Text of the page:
55 years have passed since all 61 passengers and crew members perished in the disaster of Aer Lingus aircraft 712, which occurred off the coast of County Wexford, close to Tuskar Rock.
The actual events of that day remain unknown, though. On Sunday, March 24, 1968, the flight took place, and an accident followed. The Vickers Viscount, also known as the “St. Phelim,” had registration number EI-AOM.
In brief, Aer Lingus flight number 712 was a standard trip from Cork Airport (ORK) to London Heathrow (LHR) that took place over the Irish Sea.
Fifty-two years ago, winters in Ireland were far harsher than they are today, with many snowfalls in the early months of 1968.
Let’s look at some of the stories about the 1968 Aer Lingus crash.
4 Detailed Aer Lingus Crash
1. Swans spend the winter in Ireland
Thousands of swans spent the winter in Ireland in 1968 before returning to their breeding areas in Russia and Iceland in the spring. Eventually, spring was coming in March, and the swans had to go.
This gave rise to the conjecture that Aer Lingus aircraft 712 had fallen into the sea following a bird strike. Swans may have been involved, according to the crash investigation report.
2. The aircraft was shot down
Although a bird hit is a possibility, there are many ideas as to what transpired, one of which is that a British missile shot down the aircraft.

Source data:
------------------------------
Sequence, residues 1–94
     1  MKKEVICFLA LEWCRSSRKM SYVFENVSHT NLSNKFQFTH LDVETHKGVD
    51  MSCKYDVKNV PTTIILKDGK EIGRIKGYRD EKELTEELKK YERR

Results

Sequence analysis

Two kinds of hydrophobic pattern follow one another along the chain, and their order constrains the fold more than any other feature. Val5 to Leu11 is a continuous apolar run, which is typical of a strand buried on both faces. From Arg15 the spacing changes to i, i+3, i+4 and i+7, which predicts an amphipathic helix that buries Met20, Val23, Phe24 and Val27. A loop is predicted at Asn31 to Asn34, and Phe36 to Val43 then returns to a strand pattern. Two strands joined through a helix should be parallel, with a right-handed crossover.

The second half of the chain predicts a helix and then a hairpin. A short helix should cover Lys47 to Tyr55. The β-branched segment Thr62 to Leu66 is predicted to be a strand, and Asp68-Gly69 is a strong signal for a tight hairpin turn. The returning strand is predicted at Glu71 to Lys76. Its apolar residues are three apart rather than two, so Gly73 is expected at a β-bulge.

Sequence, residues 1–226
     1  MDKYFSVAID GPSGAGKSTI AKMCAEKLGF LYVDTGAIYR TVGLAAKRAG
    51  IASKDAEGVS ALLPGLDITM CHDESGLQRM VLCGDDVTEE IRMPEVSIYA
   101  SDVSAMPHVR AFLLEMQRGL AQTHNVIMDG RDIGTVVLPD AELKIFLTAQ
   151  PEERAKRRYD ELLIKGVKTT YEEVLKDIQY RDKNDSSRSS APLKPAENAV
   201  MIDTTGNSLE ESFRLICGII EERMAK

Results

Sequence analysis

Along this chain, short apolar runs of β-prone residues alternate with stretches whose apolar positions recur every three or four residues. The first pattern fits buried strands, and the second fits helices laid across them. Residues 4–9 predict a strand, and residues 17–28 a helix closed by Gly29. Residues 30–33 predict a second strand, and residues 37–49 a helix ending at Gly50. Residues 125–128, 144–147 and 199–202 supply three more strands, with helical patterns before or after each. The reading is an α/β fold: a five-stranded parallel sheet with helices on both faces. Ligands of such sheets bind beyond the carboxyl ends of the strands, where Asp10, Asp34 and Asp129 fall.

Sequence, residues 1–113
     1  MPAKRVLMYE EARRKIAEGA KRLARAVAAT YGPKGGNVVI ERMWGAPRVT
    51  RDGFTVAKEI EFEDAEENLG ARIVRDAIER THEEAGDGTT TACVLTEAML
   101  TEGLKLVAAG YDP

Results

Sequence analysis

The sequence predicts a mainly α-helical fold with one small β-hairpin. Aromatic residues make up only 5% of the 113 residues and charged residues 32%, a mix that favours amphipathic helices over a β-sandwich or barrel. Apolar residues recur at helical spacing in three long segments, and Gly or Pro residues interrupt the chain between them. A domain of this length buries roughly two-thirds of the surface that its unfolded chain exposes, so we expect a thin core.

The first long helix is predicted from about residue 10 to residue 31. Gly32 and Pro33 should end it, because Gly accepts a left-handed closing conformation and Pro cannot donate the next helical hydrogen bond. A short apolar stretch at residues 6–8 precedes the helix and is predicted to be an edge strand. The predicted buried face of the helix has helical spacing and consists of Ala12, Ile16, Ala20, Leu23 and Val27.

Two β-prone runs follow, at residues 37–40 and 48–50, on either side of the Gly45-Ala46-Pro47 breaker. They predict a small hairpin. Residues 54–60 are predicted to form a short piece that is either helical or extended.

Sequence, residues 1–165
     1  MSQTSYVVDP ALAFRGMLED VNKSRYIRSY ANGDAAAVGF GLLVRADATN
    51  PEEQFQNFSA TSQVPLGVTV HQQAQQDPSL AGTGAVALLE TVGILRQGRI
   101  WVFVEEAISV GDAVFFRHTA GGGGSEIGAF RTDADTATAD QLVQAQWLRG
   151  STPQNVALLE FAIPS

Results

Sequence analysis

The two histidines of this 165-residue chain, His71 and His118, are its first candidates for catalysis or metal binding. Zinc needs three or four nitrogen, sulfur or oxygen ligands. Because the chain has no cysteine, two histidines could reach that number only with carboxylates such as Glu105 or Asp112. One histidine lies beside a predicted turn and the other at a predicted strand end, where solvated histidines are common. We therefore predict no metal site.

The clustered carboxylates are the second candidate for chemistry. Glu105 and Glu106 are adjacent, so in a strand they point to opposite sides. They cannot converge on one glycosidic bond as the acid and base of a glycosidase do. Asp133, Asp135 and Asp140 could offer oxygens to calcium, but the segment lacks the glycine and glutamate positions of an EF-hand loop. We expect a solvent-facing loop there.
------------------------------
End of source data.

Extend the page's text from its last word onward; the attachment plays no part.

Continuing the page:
The Royal Air Force’s (RAF) station at Aberporth was ideally located for the Viscount’s flight path. It was the main missile testing range in the United Kingdom at the time, and missiles were often fired at drones operating over the Irish Sea without human operators.
As soon as possible, the British Ministry of Defense declared that they had nothing to do with the jet accident and were not engaged.
Another hypothesis holds that the aircraft was shot down because the British cruiser HMS Penelope, which was in the region for drills, mistaken it for a target drone.
Although the Ministry of Defense asserts that no ships were in the area, they are unable to explain the disappearance of HMS Penelope’s logbook.
3. The Aer Lingus crash was unrelated to the weather
We can rule out the possibility that the weather had anything to do with it because the Viscount took off at 10:32 a.m. on a gorgeously sunny day.
Before the 22-year-old co-pilot Paul Heffernan was reportedly overheard stating the following, everything was going according to plan, according to the Irish Times.
The plane’s final known contact was received by London Air Traffic Control (ATC), which promptly notified their Shannon colleagues.
While flying from Dublin to Bristol, Aer Lingus Flight EI 362 was instructed to drop to 500 feet and look for the missing aircraft.
After a full warning was issued at 11:25 due to the inability to see anything, the wreckage was reportedly spotted a little more than an hour later.
Search planes saw the debris but were unable to discover anything, so they canceled the search until the next day.
4. The aircraft crashed close to Tuskar Rock
The bodies were eventually located six miles (11 kilometers) northeast of Tuskar Rock, along with the wreckage of the airplane.
This set of rocks, which means “large rock” in Old Norse, is more responsible than any other location in Ireland for shipwrecks.